Last Action Hero was a funky disaster. What began its life as an homage to the absurdity of '80s action movies called Extremely Violent became more or less a live-action cartoon starring Arnold Schwarzenegger as an action movie character who learns he’s an action movie character before saving the real world. There are golden tickets that let people and fictional beings cross over from one world to the next, a slew of intentional errors to remind us that we’re watching a movie, and an animated police detective cat voiced by Danny DeVito. Somewhere in the filmmaking process, it devolved into a spoof in the envelope of a love letter.
It was a hard-charging flop that’s earned back some cult appeal for audacity, with all of its fun-loving potential on screen next to all the eyebrow-raising nonsense. Here are 10 facts about the action movie too insane to succeed.
1. THE PRODUCTION ITSELF GOT META EARLY ON.
Original screenwriters Zak Penn and Adam Leff wrote what would become Last Action Hero as a film that would work both as an adrenaline-fueled action ride and as a goof on adrenaline-fueled action, but the sources they drew inspiration from soon invaded the project. Action icon Jack Slater’s name was originally Arno Slater as a nod to Arnold Schwarzenegger, who then took the role of Arno Slater. Penn and Leff studied all of Shane Black’s scripts (the Lethal Weapon movies and The Last Boy Scout) to get the satirical rhythm right, but then Black was hired to rewrite their script. They also used Die Hard and other John McTiernan-directed movies as a baseline for the movie’s style, and then McTiernan was hired to direct their movie. Their comedic love letter was taken over by titans of the very genre they were mocking, who were then put in charge of mocking themselves.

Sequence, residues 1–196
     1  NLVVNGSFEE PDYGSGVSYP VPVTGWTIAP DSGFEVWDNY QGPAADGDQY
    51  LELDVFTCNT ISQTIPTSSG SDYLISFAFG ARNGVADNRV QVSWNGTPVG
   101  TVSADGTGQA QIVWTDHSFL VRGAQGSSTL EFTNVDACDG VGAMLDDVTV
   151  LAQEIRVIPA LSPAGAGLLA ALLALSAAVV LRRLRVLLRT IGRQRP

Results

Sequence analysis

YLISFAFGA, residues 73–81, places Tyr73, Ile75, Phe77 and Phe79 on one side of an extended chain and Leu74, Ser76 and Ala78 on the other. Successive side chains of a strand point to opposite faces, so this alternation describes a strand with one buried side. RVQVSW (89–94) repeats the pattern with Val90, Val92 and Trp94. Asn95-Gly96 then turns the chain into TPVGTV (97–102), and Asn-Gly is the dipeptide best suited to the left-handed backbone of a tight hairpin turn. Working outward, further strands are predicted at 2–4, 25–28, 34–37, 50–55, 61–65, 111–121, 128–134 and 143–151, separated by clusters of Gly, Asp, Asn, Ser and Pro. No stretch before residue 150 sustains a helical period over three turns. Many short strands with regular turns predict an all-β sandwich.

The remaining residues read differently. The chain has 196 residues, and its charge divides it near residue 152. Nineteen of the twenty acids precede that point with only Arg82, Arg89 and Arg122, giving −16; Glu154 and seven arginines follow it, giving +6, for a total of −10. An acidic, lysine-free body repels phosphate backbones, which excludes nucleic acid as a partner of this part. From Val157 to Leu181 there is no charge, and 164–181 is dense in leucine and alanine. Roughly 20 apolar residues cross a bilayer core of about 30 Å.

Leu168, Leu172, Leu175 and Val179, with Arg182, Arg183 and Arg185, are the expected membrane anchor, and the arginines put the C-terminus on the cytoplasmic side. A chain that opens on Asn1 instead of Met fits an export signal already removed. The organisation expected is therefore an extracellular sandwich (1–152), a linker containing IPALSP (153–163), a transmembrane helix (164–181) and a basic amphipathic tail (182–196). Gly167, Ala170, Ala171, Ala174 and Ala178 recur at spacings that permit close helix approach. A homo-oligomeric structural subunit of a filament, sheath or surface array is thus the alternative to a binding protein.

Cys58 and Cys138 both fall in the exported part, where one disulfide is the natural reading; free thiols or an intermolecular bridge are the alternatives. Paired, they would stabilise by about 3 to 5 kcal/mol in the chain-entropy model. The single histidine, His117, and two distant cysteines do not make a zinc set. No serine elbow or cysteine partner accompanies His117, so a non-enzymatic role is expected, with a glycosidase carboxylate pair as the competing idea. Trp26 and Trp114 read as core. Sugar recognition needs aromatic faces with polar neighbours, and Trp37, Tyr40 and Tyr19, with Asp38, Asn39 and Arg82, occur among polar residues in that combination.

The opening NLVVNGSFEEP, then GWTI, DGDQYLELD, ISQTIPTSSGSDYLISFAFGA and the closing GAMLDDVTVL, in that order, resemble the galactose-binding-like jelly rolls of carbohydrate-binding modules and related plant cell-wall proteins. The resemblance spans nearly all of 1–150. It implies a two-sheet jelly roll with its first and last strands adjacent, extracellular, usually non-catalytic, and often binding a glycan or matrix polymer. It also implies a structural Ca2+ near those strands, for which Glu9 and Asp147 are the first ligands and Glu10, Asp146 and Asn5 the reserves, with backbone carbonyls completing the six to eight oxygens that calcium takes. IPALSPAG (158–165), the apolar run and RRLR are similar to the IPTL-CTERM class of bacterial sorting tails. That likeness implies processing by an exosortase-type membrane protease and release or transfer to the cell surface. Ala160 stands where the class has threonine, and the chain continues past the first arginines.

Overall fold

2. IT WAS INSPIRED BY THE SIMPSONS.
Beyond the Schwarzeneggerific action flicks, Penn and Leff launched the project because of an unlikely source: Matt Groening’s irreverent cartoon. “The weird thing is that The Simpsons inspired it in the first place,” Penn said. “We thought, ‘if this show can destroy genres even as it embraces them, why can’t we do it in live action?’” By the time Last Action Hero hit theaters, The Simpsons was already spoofing Schwarzenegger and his action movies with muscle-headed Rainier Wolfcastle, the star of far too many McBain movies, and the show that gave Penn and Leff the creative license to write their film later roasted Last Action Hero directly. In “The Boy Who Knew Too Much,” Bart Simpson tells Wolfcastle his last movie sucked, Wolfcastle admits there were script problems, and Chief Wiggum quips, “I’ll say. Magic ticket my ass, McBain!”